Sometimes, a song gets stuck in your head, an earworm, and you hum it all day, perhaps listen to it on repeat. But what if it burrows a little deeper, taking over your heart? Director and artist Chris Flanagan can tell you it’s no easy task to rid yourself of a song that, for him, “got under his skin.” Which is why Flanagan did what any music obsessed fan would do, he wrote and directed a documentary about the song’s origins and the vocalist behind it.

Flanagan, “pasty guy from Australia”, is a Toronto-based record collector and reggae fanatic who, on one of his thrift shop jaunts, found a bootleg record of a song called “Jamaican Fruit of African Root” sung by a Shella Record. Taken by this emotionally powerful song about slavery and black pride, and wanting to know more about its singer, he embarks on a fact-finding mission that becomes an odyssey as he travels from Toronto to Jamaica to New York and L.A.

On this journey, he takes us to some of the legendary birthplaces of reggae meets with legendary names like Bunny “Striker” Lee, the late King Tubby and Earl “Chinna” Smith to name a few. He asks musicians, their friends and family, and anyone who will lend him an ear, if they have ever heard of Shella Record, only to find out that her real name is Sheila Rickards. Furthermore, she was a well-liked jazz singer with a voice often compared to jazz great Shirley Bassey. With this information, he continues to track her possible whereabouts, terrified that he may be on a wild goose chase, or even worse, find out she has passed away.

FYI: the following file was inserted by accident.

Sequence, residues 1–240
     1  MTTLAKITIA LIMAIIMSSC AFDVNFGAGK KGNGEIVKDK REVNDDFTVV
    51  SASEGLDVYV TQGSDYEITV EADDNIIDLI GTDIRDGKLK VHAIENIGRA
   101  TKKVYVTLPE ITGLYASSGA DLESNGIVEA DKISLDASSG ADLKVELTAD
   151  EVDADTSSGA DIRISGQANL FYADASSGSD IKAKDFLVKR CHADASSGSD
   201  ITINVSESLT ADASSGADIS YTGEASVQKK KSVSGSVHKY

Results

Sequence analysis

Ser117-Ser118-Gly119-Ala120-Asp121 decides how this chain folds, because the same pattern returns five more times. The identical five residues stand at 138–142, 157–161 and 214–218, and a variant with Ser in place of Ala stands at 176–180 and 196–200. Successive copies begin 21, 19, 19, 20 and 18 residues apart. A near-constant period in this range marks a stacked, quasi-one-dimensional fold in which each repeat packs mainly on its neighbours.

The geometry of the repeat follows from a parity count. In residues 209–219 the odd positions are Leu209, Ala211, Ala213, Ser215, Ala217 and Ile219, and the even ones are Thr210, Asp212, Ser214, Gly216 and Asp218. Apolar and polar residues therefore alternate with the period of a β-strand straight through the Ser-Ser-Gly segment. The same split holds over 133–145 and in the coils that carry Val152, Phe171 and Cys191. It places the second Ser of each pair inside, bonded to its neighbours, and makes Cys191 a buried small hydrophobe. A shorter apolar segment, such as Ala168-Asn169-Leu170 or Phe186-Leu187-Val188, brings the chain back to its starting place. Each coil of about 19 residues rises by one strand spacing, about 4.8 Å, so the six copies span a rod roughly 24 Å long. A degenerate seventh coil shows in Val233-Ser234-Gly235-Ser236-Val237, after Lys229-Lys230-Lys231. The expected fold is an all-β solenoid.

Flanagan incorporates his miniature diorama art and his genuine love for the music to tell his story and keep audiences engaged in this mystery. The documentary, peppered with footage and the music of Sheila, King Tubby and other reggae greats, is filmed in a nice, crisp style. The pacing is excellent, especially since he falls down a rabbit hole following one lead after another. Flanagan isn’t pandering to anyone here either, he’s simply open to a culture rich with musical history and talent that is often mined and taken for granted.

Monday, Apr 29 9:15 PM TIFF Bell Lightbox 2
Wednesday, May 1 12:45 PM Scotiabank Theatre 4
Friday, May 3 3:15 PM Scotiabank Theatre 3